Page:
from http://www.mariagoretti.org/mariabio.htm

I'm not sure of the official stance of the Orthodox Church on this matter, and I would certainly abide by whatever the Church felt was best, but I find this wonderful young girl's story to be very inspirational.  Her greatest joy was to receive the Eucharist.  The custom in her locale was for the little children to ask for something when they received their first Communion.  The priest later asked each of them what they asked for.  Some said bikes, or other material things, or to grow up to find a good husband, etc., but St. Maria Goretti said that all she asked for was to receive the Body and Blood of Christ again so that she could be one with Him.  The priest was astounded, and allowed her to receive for three weeks straight, which apparently was very unusual for children in that part of Italy in those days.  

Moreover, she demonstrated true Christianity in her terrible suffering.  Even as she was enduring terrible torture on the operating table, with no anesthesia, the priest asked her if she forgave her attacker.  She said yes, she wanted him to be with her in Heaven.  She said that even through her terrible pain.  Also, she begged for a glass of water, but couldn't have one because of her open stomach wounds.  Thre priest told her that Our Lord Jesus didn't have any water while He was suffering, and she said, yes, I accept this, then I don't need any water either.  Such words from a child?  I don't think that I would have that holiness if I were in that situation.  To my mind, this young lady has done her best to emulate Her Master, and is certainly a saint.  I would have no problem asking for her intercession, especially for a child, unless my fathers the bishops told me it was wrong to do so.

Nick
« Last Edit: September 08, 2004, 09:18:14 AM by Antonious Nikolas » Logged

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« Reply #5 on: September 08, 2004, 09:55:38 AM »

Personally,  if I was wanting to pray for intercession from a non-Orthodox saint, I would talk to my priest/spiritual father before doing so.
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Antonious Nikolas
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« Reply #6 on: September 08, 2004, 11:12:44 AM »

Personally,  if I was wanting to pray for intercession from a non-Orthodox saint, I would talk to my priest/spiritual father before doing so.

This seems like a wise course of action.  I would also check with my spiritual father before asking for intecession from any non-Orthodox saint, although I still feel that we can express an admiration for these figures and draw inspiration from their examples.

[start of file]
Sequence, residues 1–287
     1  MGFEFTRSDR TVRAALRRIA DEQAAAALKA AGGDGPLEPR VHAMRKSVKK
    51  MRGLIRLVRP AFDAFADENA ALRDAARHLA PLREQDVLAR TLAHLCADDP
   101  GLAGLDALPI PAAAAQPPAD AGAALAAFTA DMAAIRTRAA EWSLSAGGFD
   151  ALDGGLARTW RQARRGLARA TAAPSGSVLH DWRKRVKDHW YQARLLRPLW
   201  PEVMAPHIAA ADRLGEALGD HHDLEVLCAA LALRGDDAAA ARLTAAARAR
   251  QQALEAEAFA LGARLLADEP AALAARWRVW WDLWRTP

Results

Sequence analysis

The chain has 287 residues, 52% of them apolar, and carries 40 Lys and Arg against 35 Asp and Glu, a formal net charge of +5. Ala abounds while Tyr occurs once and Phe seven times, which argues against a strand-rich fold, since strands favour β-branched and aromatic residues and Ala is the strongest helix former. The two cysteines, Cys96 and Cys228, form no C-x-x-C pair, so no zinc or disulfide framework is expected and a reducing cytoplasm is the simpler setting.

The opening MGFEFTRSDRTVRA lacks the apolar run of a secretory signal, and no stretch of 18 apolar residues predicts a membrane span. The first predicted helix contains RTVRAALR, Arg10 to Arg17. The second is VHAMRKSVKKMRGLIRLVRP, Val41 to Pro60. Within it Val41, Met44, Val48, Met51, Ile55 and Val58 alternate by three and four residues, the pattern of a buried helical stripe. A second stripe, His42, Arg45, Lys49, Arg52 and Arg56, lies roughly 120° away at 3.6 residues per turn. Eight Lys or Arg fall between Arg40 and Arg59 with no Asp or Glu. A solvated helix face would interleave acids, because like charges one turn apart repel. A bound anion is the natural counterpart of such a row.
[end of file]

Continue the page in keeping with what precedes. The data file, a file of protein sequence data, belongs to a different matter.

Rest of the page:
This discussion has me curious.  As it has been explained to me, the canonization process usually begins with the veneration of a certain figure by the laity.  I believe that this is true in all of the Eastern and Oriental Orthodox tradtions.  As it says on the Greek Orthodox Archdiocese website:

"The Orthodox Church does not follow any official procedure for the "recognition" of saints. Initially the Church accepted as saints those who had suffered martyrdom for Christ. The saints are saints thanks to the grace of God, and they do not need official ecclesiastical recognition. The Christian people, reading their lives and witnessing their performance of miracles, accept and honor them as saints. St. John Chrysostom, persecuted and exiled by the civil and ecclesiastical authorities, was accepted as a saint of the Church by popular acclaim. St. Basil the Great was accepted immediately after his death as a saint of the Church by the people. Recently, in order to avoid abuses, the Ecumenical Patriarchate has issued special encyclical letters (tomoi) in which the Holy Synod "recognizes" or accepts the popular feelings about a saint. Such an example in our days is St. Nicodemos of the Holy Mountain (1955)."

Since this is the case, how did the people come to venerate saints who were not even Orthodox, as in the cases I mentioned in my initial post (i.e. St. Constantine and St. Isaac of Nineveh)?  It is perfectly understandable that since St. Constantine ended the official persecution of Christians that he would be remembered as a saint, even though he died as an Arian, but how did people come to venerate St. Isaac and others like him?  It is possible that these are not the only two cases.  In all of the hagiography there might be one or two more saints who died outside of the visible Church.  I use the term "visible" because obviously they are considered to be a part of the Church now because they are proclaimed as saints, whereas in their lifetimes they may have even been barred from the Eucharist.


Another question: Once the masses started to venerate these people, why did the ecclesiastical authorities not caution them against venerating those who died outside of the visible Orthodox Communion?  It is interesting to me that some of these saints could not have received Communion in an Orthodox Church during their lifetimes, but now have Churches named for them.  I am curious as to how this works.  In light of the above statement by the Greek Orthodox Archdiocese, what would the Church do if in some locality the laity started venerating a non-Orthodox holy person en masse.

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« Reply #7 on: September 09, 2004, 01:30:57 PM »

I do not know connonically how The Church looks at it, however I do know this.  When living in France, St. John of Shanghai would go into Catholic cathedrals & say "dig here."  They would dig where he pointed, and would find relics of long forgotten or long lost saints.  I'm under the impression that the relics were from saints after the split.